Unloading groceries at the Hammons house is like a military operation. Kylie carries in the bags with cereal, bread, light bulbs—you know, lightweight and bulky items. Taylor typically carries produce, eggs, and other items that are relatively light but may require a bit more delicate handling. Tracie is more likely to carry household cleaners, meat, candy, and anything else that might be dangerous, make a big mess, or not survive the trip to the kitchen without pilferage. I try not to carry any of that so I can focus on the heavy stuff—soda bottles, milk, laundry detergent, etc.—not because I’m indifferent to the other items, but because the ladies of the house will try to carry one of those bags at a time, and I’m determined to empty the trunk in one trip even if it kills me.
Different burdens are distributed in different ways. If everyone does his or her job properly, the operation runs smoothly. If Kylie insists on unloading my Pepsi Max, the wheels of progress grind to a near halt. And my chances of taking an unexpected shower when I open a bottle go way, way up.
God thought of this principle long before I did. He knows life on this earth is full of burdens for His people, and He wants to make our walk as simple and uncomplicated as possible. So He distributes the load.
First, there is the personal burden of sin. God knows that the burden of sin is beyond the ability of any person to bear. Therefore He places it on Jesus; “He Himself bore our sins in his body on the cross” (1 Peter 2:24). This burden must be passed. It is not possible for us to carry it, and it is arrogance and folly for us to try.
Then there is the burden of responsibility. Ultimately the burden for our sins is our own. We must carry our own load (Galatians 6:5). This burden must be borne. Ezekiel 18:20 could not be more straightforward on the issue— ”The person who sins will die. The son will not bear the punishment for the father’s iniquity, nor will the father bear the punishment for the son’s iniquity; the righteousness of the righteous will be upon himself, and the wickedness of the wicked will be upon himself.” Certainly there are factors in our lives that nudge us either away from God or toward Him. But ultimately, our choice is our own, as are the consequences.
Finally, there is the burden of care. Some of this is common to all mankind to one degree or another—pain, disease, disappointment, loss, etc. Some is created or exacerbated by our choices; choices for sin can bring on sin’s consequences, and choices for righteousness can bring on retaliation from the forces of the devil. This burden can and should be shared. Brethren are encouraged by Paul, “Bear one another’s burdens, and so fulfill the law of Christ” (Galatians 6:2). It is our privilege to involve ourselves in the lives of loved ones, especially partakers in our common faith. Even more so, God Himself says He will carry part of the load. David writes, “Blessed be the Lord, who daily bears our burden, the God who is our salvation” (Psalm 68:19).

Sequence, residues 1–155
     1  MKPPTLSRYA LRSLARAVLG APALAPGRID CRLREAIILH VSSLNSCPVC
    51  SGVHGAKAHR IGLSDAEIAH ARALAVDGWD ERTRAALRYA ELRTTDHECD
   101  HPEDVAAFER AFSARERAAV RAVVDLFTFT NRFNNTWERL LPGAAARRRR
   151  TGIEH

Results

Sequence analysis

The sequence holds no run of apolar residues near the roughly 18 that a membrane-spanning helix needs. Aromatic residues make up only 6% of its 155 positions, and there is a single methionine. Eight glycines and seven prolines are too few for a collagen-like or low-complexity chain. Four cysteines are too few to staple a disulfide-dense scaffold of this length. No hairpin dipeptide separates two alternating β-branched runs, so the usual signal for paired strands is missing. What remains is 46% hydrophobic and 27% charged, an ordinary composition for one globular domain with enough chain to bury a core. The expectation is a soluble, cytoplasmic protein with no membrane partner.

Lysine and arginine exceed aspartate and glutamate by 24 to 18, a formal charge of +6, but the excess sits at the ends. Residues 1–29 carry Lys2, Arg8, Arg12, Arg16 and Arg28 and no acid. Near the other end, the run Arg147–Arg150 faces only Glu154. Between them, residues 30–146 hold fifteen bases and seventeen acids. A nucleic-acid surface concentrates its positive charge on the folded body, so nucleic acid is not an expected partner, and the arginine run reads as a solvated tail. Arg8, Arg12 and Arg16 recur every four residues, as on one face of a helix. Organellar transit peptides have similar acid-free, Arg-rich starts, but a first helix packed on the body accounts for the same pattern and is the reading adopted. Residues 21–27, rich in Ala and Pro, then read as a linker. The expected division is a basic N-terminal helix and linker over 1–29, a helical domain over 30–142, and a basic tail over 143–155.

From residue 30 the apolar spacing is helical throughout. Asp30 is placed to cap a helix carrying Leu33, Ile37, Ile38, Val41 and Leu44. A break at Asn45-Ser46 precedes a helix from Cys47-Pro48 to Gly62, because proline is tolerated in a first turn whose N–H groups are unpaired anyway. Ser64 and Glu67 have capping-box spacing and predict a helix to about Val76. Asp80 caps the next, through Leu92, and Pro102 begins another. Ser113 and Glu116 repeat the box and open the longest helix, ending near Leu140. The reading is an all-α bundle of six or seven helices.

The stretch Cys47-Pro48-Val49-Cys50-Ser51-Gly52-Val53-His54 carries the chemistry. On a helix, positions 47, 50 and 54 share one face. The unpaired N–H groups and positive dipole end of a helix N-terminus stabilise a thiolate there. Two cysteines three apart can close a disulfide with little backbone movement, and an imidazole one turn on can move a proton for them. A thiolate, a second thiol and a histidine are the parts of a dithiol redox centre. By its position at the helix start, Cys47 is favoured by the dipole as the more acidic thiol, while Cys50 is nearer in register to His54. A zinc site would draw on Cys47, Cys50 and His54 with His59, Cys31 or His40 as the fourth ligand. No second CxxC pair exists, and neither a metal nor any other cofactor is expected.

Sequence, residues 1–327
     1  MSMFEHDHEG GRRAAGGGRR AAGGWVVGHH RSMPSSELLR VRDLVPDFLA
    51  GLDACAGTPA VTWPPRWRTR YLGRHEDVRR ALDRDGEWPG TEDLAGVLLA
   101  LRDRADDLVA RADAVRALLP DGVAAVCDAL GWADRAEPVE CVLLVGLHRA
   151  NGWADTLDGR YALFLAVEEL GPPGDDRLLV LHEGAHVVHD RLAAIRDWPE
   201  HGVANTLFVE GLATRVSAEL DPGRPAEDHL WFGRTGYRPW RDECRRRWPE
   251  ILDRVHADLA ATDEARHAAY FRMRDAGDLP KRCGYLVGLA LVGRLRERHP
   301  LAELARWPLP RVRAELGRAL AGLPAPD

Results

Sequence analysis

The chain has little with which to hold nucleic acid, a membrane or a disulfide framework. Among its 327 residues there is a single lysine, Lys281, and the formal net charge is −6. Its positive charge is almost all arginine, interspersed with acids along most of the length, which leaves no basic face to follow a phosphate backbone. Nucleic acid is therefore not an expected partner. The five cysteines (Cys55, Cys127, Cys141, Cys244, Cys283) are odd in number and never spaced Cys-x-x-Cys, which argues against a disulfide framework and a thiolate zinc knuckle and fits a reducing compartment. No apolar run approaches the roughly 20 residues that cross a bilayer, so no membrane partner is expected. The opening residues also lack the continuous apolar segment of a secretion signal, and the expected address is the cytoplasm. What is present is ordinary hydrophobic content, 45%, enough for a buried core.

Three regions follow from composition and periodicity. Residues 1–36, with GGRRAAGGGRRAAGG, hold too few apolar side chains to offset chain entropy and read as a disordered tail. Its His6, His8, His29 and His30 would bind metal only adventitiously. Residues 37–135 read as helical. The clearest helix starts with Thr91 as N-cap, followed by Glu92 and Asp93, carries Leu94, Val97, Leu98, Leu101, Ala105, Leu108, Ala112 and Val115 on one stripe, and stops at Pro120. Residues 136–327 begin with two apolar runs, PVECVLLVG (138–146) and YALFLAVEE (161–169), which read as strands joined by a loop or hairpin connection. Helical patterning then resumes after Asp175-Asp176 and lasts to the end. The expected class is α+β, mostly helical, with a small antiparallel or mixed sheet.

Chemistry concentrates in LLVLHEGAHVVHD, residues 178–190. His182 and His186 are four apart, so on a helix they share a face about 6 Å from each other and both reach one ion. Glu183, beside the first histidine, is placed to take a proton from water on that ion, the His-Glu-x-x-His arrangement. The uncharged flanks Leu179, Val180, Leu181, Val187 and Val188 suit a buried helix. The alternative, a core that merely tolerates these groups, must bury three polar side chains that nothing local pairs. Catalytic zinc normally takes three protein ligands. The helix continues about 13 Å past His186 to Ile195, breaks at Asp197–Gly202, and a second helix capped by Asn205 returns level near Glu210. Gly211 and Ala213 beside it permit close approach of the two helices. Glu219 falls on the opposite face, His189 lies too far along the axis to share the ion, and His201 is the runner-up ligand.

As always, God’s plan works every time. As usual, some think they know better.
Some want to share the burden of sin. These are the ones who see salvation as a reward given for meritorious service rather than the “free gift of God” (Romans 6:23), given as an extension of His love and mercy. Of course, when asked they will agree that salvation is God’s effort first and foremost—at least, they will mouth the words. But they have a tough time putting it into practice. Either they insist that someone “must be saved” because of their good deeds, or they themselves “must be lost” because of their bad ones. Either way, humanity is given far too heavy a load.
Some want to pass the burden of responsibility. The “blame game” is never lacking for willing players. But we cannot push this burden onto God (“I’m only human!”), Satan (“The devil made me do it!”), society (“Everybody’s doing it!”), family (“That’s just the way I was raised!”) or any other party. It is ours and ours alone.
Some want to bear the burden of care. Perhaps they do not want to be in anyone else’s debt. Perhaps they do not want others to expect the same sort of caring response in return. Or perhaps they just like feeling sorry for themselves. Whatever the cause, some people refuse to accept the emotional support that is available through brethren and through the Lord. They wind up choosing to feel miserable instead of choosing to feel loved.
We have a choice. We can accept the burden allotment God has designated, and find peace, contentment and hope. Or we can stubbornly, willfully assign the burden as we like, and struggle every step of the way. Not much of a choice, I’d say.
Editor’s Note: Brother Hammons will be holding our March meeting, scheduled for the 3rd through the 8th. If anyone would like to write brother Hammons to let him know how much we are looking forward to his meeting, his contact information is:
5305 English Oak Drive
Milton, FL 32571